Ani hardly ever has trouble letting her talents shine live, and she introduced her band and their new sound to an excited and energetic Burlington crowd by opening their show with two dance-heavy new tracks from Up. Whether or not the audience was expecting it, the room lit up with a syncopated Wurlitzer-drenched funk, anchored by wet bass sounds and punctuated with shimmering crashes and dry snare drum cracks. DiFranco’s own playing seemed to nearly disappear in the wash of sound, but as soon as she started singing, her voice drew cheers, and at every transition and pause, she was there, driving the band. Not only was the group hot, but each song became much longer than its recorded counterpart as the players continued warm up and started to stretch the tunes out into new territory. Often after a roaring chorus the band would settle into laid back, slinky improvs, and cheers from the fans proved their surprise and approval of the new element the band brought to Ani’s performance. Indeed, much like their predecessors, Ani’s new players handled her dynamics perfectly, gliding from funky madness to serene grooves like they were born to.

As always, Ani’s rapport with the crowd was as if they were all old friends, and she had just gotten into town to visit. She laughed self-consciously as she talked to the audience and she introduced her band with wide-smiled enthusiasm. Though the band’s new-funk intepretations of DiFranco’s music brought a whole different feel to the show (they played P-Funk-y arrangements of classics like “Anticipate”), Ani was still her best during her politically outspoken and acoustic moments. DiFranco introduced her new song, “‘Tis of Thee”, by explaining how the privitization of prisons is becoming a profitable and disturbing big business. “‘Tis of Thee”, the first track on Up, illustrates in startling detail how our society demonizes our poor, “criminal[izing] the symptoms / while [we] spread the disease”, until we eventually, “put everyone in jail / except the Cleavers and the Bradys”. Other acoustic performances of the evening included Ani playing a beautifully honest solo version of her song “Independence Day”. Soon after, a duo performance of Up’s first single, “Angry Anymore”, featured Ani on acoustic guitar, Julie Wolf on accordian, and both women laughing and singing harmony into a shared microphone. Watching Ani on stage alone made one feel like you could almost see her on stage ten years ago, just as excited and just as self-conscious, playing to an empty house, or to a few coffeehouse admirers.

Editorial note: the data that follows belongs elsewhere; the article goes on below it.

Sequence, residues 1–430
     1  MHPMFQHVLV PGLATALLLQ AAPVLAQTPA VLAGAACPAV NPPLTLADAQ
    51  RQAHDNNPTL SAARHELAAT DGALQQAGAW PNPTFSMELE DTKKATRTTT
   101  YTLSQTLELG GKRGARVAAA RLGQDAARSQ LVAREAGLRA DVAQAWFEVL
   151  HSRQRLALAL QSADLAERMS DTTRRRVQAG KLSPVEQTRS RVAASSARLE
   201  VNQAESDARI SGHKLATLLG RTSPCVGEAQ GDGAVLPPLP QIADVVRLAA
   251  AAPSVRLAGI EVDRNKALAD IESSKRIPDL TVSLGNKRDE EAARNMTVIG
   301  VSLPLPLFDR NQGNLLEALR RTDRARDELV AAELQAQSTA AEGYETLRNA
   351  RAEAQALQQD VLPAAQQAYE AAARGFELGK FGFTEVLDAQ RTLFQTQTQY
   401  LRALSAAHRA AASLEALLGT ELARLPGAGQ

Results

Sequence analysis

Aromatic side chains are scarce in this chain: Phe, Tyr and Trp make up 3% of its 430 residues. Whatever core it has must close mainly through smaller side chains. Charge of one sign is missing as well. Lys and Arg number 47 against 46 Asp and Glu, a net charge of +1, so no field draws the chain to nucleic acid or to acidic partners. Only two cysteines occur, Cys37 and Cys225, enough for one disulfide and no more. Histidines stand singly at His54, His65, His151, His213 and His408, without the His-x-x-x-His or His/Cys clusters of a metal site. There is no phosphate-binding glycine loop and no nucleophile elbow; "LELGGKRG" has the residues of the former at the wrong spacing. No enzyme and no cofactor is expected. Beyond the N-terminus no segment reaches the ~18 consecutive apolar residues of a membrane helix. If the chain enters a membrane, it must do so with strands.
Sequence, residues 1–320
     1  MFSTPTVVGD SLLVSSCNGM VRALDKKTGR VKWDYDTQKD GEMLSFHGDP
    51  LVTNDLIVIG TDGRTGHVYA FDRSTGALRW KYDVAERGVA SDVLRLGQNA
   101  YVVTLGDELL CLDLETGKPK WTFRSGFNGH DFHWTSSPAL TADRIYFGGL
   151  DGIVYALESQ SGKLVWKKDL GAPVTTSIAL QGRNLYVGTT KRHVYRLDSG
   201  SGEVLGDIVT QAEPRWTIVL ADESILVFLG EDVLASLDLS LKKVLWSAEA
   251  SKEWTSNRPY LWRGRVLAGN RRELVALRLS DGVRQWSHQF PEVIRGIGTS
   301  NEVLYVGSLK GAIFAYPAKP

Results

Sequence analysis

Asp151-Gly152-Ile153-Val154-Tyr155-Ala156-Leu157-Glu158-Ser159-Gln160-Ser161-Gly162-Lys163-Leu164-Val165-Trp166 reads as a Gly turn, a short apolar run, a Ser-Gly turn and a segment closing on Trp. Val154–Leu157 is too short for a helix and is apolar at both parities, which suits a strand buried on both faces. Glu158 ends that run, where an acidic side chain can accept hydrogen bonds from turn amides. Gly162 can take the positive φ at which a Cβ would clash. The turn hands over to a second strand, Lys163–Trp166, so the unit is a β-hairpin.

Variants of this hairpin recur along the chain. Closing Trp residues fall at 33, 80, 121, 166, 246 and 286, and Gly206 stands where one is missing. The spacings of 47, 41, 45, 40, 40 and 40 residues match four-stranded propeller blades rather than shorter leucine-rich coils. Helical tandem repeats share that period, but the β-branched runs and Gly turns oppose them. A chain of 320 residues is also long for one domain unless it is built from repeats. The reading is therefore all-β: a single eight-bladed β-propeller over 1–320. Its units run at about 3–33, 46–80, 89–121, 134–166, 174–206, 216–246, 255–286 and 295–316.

As many artists evolve over time and start to explore new sounds, the purists in their respective camps often squirm in their seats and grumble about the “old days”, or selling out. When hearing some of the tracks on Up, or seeing gaggles of teenaged girls singing to the title track of Little Plastic Castle, DiFranco old-schoolers may romantically pause and remember the days of solo acoustic performances and early recordings, like Not So Soft and Puddle Dive, dismissing the “new crowd” and Ani’s new sound. But Ani DiFranco’s fans are notoriously supportive.